With spooky season on the horizon, this month's bulletin board features some unusual programming from the Durham County Library. Some of their recent events have been focused on death and funerals—and the questions families and community members have about them. We spoke to Larkin Coffey, Adult Services Librarian at Durham County Library, about bringing together a love of death metal music and a desire to start an honest conversation about a taboo topic.
Where did the idea for this program come from?
I started booking death-related programs at the library after reading an article in the Indy Week about Endswell Aquamation. As a fan of horror and death metal, this immediately got my attention, and when I looked into it, I was put in touch with Sara Williams from Shrouding Sisters. "12 Funeral Myths" is a presentation she’s been doing for years all over the state, and I thought it would be perfect for a library program. One of the most powerful aspects of a public library is our ability to connect people with information that they can apply to improve their lives—or in this case, the end of that life. I see these programs as a way for the library to provide the community with practical information on ways they can save money or better plan a funeral but also open a space for people to talk about death in a healthy way and ask questions they may not be able to get answered elsewhere.
How did you find out about Shrouding Sisters?
When I started researching death-related programs, I initially got in touch with Anne Weston from the Green Burial Project. Natalie Killion, the head of adult services here at Main Library, had done some programs with her in the past, and that was my gateway into the world of death-positive and funeral alternative programming. Anne told me about Shrouding Sisters and I was pleasantly surprised to find they both had full menus of ready-to-go programs covering a huge variety of death and funeral related subjects; it’s truly a programming librarian’s dream!
What kind of feedback have you received on this program?
So far, people have loved the death-related programs we’ve had here. One way I judge the success of a program is by how many questions participants ask and how long people stick around afterwards, and each time, there’s been great engagement from the audience. Seeing people stay after the program to talk with each other, discuss the information they just learned, and make connections shows me that this is clearly something people are excited and want to know more about. If people come to the library, learn something useful to them, and apply that knowledge to their life or take it elsewhere, I think that’s a huge success for us.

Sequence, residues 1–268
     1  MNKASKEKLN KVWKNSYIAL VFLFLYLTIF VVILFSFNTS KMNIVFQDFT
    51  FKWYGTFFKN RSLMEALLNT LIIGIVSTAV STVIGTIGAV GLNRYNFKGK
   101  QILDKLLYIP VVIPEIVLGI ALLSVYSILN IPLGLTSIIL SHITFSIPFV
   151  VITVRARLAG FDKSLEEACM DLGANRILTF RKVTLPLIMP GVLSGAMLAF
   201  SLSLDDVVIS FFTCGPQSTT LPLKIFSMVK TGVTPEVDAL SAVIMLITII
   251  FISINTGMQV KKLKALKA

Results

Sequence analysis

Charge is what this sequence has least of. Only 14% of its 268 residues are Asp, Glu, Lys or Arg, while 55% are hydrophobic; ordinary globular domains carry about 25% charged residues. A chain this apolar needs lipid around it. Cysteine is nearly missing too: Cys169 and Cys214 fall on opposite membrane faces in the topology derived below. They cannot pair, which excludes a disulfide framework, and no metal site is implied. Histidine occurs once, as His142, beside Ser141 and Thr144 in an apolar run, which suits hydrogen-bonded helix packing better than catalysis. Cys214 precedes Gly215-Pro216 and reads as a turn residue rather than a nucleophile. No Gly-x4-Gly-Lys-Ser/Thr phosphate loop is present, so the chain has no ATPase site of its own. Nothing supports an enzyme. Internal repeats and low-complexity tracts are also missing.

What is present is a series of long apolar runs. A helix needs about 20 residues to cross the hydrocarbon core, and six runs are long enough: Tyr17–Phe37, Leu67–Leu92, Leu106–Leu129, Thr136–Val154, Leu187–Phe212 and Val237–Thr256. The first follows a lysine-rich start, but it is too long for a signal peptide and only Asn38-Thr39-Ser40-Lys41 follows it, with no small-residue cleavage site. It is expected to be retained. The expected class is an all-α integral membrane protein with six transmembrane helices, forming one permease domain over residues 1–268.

Do you have any future plans for this program and partnership?
We have big plans! Based on the feedback from participants and the large waitlists each program has had, there’s clearly a huge demand for this kind of content, so we’ll be doing a lot more. Thanks to Anne and Sara’s incredible selection of programs on offer, Durham County Library will be having some variety of death-related programming every month for the foreseeable future. On September 30, we’ll be hosting a talk called The Case For Green Burial at Southwest Regional Library. On October 21, we’ll be getting into the Halloween spirit with a Coffin Crafts program at Main Library, and on November 18, there will be a presentation by Hunter Beattie from Endswell Aquamation. I expect to keep doing these as long as humans have to grapple with mortality, so stay tuned for more!